Integrated Forest Products Refinery (IFPR)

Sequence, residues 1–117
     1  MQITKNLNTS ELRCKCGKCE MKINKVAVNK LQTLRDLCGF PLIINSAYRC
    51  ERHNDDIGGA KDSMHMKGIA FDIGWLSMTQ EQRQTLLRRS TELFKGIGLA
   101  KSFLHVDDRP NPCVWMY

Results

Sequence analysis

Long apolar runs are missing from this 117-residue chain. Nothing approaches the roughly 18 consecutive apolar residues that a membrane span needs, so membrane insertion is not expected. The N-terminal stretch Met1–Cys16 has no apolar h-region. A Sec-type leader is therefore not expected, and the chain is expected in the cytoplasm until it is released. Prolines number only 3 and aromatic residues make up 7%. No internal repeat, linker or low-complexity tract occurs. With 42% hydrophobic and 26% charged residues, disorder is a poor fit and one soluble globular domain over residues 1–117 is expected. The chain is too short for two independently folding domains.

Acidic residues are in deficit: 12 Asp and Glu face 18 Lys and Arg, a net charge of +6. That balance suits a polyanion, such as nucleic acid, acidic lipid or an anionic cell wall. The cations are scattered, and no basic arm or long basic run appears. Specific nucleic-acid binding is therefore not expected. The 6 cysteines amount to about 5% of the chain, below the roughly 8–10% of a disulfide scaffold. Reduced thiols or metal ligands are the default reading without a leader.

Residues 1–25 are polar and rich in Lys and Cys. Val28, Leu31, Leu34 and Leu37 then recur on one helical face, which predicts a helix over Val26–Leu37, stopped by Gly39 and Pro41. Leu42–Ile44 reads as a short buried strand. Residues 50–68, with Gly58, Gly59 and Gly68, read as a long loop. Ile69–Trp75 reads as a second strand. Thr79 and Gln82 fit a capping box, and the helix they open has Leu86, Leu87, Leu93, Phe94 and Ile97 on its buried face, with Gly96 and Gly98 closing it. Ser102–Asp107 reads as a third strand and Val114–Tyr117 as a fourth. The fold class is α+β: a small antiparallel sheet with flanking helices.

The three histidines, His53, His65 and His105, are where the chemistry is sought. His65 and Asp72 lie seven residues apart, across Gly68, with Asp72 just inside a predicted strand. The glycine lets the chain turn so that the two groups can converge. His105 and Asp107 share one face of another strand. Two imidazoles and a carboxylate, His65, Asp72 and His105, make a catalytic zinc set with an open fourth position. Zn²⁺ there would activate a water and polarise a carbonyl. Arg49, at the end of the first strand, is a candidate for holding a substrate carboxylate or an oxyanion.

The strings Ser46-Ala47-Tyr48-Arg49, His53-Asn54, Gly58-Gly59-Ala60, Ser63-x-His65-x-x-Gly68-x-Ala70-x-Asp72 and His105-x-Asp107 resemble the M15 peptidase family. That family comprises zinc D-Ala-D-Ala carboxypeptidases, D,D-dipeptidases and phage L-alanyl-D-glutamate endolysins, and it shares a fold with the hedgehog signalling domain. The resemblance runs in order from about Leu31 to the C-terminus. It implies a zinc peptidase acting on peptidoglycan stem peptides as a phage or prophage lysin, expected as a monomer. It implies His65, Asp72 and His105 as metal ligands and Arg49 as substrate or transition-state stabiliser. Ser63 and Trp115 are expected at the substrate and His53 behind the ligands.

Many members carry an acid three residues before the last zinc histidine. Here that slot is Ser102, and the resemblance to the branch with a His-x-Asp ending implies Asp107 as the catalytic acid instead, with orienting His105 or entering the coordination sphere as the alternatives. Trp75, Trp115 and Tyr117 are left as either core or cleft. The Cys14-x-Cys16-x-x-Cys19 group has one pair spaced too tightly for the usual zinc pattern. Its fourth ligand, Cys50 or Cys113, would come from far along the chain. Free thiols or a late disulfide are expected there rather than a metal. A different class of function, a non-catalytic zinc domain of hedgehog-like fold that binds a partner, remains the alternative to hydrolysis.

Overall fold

US chemical pulp mills receive more than 120 million dry tons of wood each year. We recognize wood as a high performance composite material engineered by nature. Therefore, it is most cost effective to use trees principally for structural and high-value consumer products, while the residual wood fiber and biomass (bark) are used for pulp. The tremendously underutilized lignin and hemicellulose, bi-products associated with pulp and paper manufacturing, as examples, are virtually untapped resources to be developed as feedstocks. These bioproduct “leftovers” will be utilized as valuable starting materials in synthetic polymer chemistry. The principal innovative component of the approach and commercial success are predicated on the ability to convert all fractions of the wood (cellulose, hemicellulose, lignin) along with chemical intermediates (e.g. pyrolysis oil, levulinic acid) into a diverse set of value-added polymers for use in high performance foams, coatings, and structural materials among others. The alternative feedstocks proposed provide more diversity in the monomer types than can be obtained from traditional sources and thus a larger range of material properties will be achievable.